Consider the life of an important concept. It has a dialectical existence – both the good and the bad aspects of it are experienced before it is assimilated (or synthesised). Desires require concepts in order to be thought about and expressed, and these concepts are changeable ; therefore desires are dialectical in their activity. There is the repetitive sequence : presence of desire, frustration of desire, and the resolution of the conflict. The desires change themselves through the resolutions.
Emotions have a different role. It is their valuation that is important. All emotions can have both good and bad valuations, depending on the situation and on the person.
I use vanity as an example. There are numerous situations (all different from one another in some way) where vanity can be good, and numerous situations where it can be bad. I picture karma as a pendulum swinging in a spiral (rather than a circle). A synthesis of a good use of vanity plus a bad one becomes the starting point for a further exploration of vanity. Since situations are numerous so too there are numerous syntheses of the valuation of vanity. Karma swings between the good and the bad usages, each swing being different from the one before. Since the world is always changing so there is no end to this process of repeated syntheses within the human mentality.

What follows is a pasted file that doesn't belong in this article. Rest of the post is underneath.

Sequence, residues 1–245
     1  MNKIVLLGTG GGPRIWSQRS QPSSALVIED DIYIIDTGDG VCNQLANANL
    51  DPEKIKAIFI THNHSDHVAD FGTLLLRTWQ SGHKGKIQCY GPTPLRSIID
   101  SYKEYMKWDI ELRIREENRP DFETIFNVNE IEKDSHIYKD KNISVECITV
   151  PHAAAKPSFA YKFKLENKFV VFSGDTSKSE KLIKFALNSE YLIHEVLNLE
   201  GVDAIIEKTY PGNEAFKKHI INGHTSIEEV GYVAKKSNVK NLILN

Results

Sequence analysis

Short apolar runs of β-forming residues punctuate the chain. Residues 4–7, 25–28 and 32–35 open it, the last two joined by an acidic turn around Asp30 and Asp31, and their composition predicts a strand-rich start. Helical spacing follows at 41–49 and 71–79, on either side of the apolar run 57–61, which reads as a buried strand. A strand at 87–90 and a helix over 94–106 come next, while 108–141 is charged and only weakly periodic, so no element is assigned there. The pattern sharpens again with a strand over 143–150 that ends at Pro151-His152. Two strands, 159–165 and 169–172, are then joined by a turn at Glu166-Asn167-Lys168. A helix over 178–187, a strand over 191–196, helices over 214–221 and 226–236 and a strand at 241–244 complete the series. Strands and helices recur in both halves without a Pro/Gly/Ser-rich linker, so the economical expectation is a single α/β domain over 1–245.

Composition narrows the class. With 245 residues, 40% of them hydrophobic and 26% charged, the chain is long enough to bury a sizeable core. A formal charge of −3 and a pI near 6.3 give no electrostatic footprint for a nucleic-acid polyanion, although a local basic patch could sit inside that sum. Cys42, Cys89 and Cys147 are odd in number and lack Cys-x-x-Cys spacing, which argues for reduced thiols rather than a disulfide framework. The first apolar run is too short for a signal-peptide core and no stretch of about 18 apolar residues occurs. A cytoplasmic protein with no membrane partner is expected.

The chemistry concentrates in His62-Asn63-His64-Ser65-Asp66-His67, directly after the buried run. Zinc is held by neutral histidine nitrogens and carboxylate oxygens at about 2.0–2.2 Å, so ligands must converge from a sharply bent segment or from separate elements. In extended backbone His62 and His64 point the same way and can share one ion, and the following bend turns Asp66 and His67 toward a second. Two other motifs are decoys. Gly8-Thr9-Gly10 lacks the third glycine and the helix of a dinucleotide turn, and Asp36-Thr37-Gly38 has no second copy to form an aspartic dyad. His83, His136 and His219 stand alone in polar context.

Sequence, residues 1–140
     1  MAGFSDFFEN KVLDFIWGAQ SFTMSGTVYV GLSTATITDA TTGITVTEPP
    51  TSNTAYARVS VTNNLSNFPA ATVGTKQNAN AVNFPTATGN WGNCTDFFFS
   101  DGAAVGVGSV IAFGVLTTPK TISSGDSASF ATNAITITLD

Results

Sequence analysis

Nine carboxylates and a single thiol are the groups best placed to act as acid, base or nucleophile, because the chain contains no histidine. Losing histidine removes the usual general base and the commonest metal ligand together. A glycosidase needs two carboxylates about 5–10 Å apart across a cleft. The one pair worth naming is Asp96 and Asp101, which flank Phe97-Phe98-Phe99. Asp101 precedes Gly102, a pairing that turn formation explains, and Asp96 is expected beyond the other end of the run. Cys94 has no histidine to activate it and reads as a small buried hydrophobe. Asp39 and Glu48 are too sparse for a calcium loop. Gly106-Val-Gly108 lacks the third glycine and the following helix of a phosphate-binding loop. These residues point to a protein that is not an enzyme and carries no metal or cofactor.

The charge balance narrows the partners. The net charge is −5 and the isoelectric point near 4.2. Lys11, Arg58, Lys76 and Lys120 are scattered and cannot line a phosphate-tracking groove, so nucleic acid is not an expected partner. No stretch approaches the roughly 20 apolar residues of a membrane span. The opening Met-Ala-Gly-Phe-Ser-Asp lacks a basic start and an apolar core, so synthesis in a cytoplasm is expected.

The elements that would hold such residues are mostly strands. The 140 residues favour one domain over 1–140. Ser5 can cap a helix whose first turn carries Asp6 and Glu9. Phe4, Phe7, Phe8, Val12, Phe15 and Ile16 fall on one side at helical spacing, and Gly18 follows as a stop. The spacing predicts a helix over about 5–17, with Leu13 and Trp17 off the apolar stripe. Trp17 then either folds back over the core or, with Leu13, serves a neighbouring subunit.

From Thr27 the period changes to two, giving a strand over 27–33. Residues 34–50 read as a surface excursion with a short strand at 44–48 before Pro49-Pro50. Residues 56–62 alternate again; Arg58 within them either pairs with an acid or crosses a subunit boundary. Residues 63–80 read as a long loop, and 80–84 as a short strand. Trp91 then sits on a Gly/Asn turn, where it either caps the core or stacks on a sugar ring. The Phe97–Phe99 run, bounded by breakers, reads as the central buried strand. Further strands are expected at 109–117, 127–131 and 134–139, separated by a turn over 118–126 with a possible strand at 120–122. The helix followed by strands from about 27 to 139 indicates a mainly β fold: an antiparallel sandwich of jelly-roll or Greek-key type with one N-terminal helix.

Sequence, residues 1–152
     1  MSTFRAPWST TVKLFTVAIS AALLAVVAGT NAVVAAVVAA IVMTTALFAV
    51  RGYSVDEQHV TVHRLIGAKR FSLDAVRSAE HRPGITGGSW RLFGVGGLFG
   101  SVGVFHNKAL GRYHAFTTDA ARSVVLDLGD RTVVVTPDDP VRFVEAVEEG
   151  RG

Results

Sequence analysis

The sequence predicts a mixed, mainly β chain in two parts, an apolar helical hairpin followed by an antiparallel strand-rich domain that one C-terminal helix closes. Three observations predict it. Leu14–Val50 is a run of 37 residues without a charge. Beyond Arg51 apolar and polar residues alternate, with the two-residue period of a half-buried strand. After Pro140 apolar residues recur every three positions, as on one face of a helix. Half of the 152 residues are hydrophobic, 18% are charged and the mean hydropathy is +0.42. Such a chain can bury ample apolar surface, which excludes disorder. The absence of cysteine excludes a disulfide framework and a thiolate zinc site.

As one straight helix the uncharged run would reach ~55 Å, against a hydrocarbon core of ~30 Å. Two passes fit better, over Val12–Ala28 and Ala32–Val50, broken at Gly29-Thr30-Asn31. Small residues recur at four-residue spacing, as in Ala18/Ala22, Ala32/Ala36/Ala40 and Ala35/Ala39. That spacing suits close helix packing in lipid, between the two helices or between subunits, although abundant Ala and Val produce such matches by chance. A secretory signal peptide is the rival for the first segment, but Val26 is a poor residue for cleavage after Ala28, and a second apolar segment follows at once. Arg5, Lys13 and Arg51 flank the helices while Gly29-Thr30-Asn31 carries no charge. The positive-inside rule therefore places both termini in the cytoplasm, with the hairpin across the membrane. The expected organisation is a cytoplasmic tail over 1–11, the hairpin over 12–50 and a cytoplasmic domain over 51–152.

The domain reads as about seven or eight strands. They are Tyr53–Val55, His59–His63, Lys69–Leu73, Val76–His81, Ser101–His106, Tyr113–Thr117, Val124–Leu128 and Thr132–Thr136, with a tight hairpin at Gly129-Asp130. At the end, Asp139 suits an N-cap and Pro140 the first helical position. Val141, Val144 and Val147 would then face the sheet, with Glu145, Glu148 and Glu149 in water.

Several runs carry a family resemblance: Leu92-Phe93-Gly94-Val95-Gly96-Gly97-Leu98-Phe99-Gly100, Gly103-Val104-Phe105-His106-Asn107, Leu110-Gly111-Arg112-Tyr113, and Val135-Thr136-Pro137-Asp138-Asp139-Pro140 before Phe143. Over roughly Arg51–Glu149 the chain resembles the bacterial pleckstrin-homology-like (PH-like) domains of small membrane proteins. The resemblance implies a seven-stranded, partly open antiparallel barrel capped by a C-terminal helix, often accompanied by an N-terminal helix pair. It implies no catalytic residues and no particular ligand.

It is not the emotion that is synthesised but the valuations of it. Emotions are not dialectical ; their intensity varies but not the nature of the emotions themselves. The difference between desire and emotion, from a point of view of understanding the way that karma works, is the difference between will and feeling : desires operate through will (or will power), and emotions operate through feelings. Will can act in a dialectical way but feeling cannot.
By considering the roles of desire and of emotion I see that it is concepts and expectations (or valuations) that are important. These concepts and expectations operate in a dialectical manner. Psychological karma is nothing more than the consequences of these concepts and expectations. Therefore such karma is dialectical in its operation.